Why: When I was first introduced to the world of text messaging, it annoyed me to no end. I saw people doing it constantly while I would just make a call, say what I had to say, and be done with it. Eventually I caught on though, and I have to admit I text quite a bit. Itís really the equivalent of passing notes in class; itís rare that youíre sending a text that contains useful information. But thatís where I begin to hate this semi-superfluous technologyóitís made our conversations stupid.
First, the text-speak and word shortening that has slipped from the text world into our actual lives. People actually say ďOMGĒ now. They say it out loud when talking to other adults! People SAY ďLOLĒ without actually laughing out loud. Itís damn near psychotic.
The second reason Iím mad at the text messaging are the exclamation marks. Not that I usually have a problem with the lone or sometimes double exclamation mark ó it does its job. But the computer communication world has sucked any subtlety from the use of this capable punctuation. Now, everything a person says is accompanied by at least five exclamation marks, which is three more than typical English allows or really needs. Then, because so many are used to punctuate normal sentences, if something actually exciting happens the person uses 20 to 30 marks to get their point across. I love Doritos as much as the next Joe, but I donít ďLove Doritos!!!!!!!!!!Ē see how stupid that looks?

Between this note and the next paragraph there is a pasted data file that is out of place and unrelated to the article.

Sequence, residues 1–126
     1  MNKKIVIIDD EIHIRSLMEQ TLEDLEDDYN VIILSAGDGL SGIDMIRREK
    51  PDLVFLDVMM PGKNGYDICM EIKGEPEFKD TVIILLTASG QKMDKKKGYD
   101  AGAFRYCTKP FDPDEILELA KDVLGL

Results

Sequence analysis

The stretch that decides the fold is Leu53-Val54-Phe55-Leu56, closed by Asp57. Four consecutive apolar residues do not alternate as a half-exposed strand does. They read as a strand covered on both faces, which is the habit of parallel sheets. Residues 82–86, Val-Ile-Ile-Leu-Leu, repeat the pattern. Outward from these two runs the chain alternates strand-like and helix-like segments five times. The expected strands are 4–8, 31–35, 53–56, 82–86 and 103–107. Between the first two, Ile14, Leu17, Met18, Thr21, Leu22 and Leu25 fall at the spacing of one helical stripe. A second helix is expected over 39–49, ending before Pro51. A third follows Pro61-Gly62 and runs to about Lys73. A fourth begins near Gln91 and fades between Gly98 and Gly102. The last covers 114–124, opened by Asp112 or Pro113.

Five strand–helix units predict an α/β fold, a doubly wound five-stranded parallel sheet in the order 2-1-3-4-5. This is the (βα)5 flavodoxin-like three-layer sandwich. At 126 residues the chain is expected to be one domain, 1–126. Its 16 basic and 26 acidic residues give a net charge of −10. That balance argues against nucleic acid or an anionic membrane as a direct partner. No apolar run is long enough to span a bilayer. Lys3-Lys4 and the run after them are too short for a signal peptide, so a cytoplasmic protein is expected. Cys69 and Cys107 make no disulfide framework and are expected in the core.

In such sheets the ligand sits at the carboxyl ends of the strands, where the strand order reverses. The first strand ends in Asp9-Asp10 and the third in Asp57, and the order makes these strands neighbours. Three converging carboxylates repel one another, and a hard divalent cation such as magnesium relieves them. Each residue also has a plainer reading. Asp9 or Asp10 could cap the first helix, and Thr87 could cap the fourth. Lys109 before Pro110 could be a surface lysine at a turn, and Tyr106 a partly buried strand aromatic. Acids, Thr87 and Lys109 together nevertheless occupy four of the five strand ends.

Whatís even worse? Some people have begun using multiple question marks as well. What? So is the question that youíre asking me more than just a question? Are you asking me twice? How would you vocalize a question that had five question marks? How would one have to physically contort their entire being in order to convey a question that needs seven question marks??????? Ow.
What: Winter/Daylight Saving Time